July 28 marks the 1-year anniversary of the passing of Glen Ford, founding executive editor of Black Agenda Report. Ford invented phrases to help burn the impact of injustice into people's minds. But he made clear in his writings it was not enough to be against injustice. One had to explain it in a way so people would be inspired to organize a movement. TF editor Julie Varughese reviewed "The Black Agenda."
This book is a vital resource that thoroughly details the atrocities U.S. government and military officials knew they were committing—and seemingly got away with—throughout the war on Afghanistan. However, as Patterson Deppen writes in this review, the author failed to address the reasons behind the war.
Journalist Linda Farthing and attorney Thomas Becker’s 306-page book evaluates the balance of class forces that led to the 2019 coup, as well as the anti-imperialist forces who were ultimately able to repel it and seize political power again in the plurinational state of 11.4 million, writes Danny Shaw in a review.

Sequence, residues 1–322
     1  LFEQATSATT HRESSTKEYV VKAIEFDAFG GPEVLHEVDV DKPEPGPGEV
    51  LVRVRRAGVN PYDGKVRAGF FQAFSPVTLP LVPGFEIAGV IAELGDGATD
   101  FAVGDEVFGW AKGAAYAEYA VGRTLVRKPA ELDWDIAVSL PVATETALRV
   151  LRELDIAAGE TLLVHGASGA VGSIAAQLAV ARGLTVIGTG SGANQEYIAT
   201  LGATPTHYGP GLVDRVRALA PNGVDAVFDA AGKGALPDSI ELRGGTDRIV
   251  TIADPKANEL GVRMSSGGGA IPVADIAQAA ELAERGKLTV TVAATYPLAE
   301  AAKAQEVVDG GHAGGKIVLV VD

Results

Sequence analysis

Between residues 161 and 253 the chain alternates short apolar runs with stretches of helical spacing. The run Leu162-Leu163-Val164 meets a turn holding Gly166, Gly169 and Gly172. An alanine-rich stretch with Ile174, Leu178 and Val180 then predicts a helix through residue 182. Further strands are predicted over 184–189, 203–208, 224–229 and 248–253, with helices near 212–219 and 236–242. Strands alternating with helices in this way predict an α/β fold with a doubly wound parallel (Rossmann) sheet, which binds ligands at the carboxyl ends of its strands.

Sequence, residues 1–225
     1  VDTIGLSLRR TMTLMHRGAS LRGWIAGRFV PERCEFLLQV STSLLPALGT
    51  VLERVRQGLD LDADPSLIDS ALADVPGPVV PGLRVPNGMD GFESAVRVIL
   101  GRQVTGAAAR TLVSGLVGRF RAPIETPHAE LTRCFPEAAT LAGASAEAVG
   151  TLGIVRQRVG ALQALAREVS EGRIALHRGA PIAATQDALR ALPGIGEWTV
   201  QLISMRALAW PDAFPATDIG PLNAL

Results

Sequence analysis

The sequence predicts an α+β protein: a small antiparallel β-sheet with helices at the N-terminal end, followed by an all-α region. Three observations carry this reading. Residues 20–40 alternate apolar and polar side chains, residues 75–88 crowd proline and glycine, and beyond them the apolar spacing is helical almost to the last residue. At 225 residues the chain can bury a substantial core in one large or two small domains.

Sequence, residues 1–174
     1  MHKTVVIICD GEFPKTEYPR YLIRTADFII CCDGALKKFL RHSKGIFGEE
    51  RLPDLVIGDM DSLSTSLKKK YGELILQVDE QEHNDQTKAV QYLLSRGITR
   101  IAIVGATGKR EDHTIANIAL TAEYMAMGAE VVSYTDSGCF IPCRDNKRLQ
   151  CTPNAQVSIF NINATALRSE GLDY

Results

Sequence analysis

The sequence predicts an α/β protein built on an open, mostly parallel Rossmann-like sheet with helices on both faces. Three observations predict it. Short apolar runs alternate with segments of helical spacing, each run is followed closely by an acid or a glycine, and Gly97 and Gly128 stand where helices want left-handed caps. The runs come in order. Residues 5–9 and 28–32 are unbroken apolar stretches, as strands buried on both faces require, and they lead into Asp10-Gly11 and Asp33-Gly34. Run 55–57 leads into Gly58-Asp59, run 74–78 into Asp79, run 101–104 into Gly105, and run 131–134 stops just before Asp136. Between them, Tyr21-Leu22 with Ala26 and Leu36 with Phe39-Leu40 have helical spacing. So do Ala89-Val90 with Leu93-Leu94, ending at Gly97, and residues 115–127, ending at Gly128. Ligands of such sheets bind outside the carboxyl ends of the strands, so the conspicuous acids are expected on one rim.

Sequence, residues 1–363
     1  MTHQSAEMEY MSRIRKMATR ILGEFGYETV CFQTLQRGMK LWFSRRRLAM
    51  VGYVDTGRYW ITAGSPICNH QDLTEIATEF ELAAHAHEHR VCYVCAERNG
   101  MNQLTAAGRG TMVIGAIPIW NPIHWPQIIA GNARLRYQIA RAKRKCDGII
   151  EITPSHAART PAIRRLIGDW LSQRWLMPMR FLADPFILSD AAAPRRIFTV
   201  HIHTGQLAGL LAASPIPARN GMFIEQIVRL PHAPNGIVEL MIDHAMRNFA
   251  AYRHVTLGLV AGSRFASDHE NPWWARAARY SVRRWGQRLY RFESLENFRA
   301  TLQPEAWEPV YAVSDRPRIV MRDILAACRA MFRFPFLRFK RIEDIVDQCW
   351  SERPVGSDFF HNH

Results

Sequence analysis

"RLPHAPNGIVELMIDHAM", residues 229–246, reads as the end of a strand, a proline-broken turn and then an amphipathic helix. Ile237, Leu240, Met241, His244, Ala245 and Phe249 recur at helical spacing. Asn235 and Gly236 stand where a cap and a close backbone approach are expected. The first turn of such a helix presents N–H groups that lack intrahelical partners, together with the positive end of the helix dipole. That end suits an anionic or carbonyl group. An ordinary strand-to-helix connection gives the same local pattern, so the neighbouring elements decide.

The triumphant and hopeful end scenes in "Ferguson Rises" are a sobering reminder that mere representation without radical or justice-focused politics often replicates the system, writes Jacqueline Luqman.
Academic and activist Dan Kovalik’s new book, "Cancel This Book: The Progressive Case Against Cancel Culture," was written on the frontlines of the twin struggles of our time, the class struggle and the fight for Black liberation, writes Danny Shaw.
Sherry Buchanan’s "On the Ho Chi Minh Trail" criticizes a few isolated events that took place during the U.S. war on Vietnam. This speaks more to the depressing ignorance of so-called progressives in the West than to the experiences of Vietnamese women, writes Nick Flores.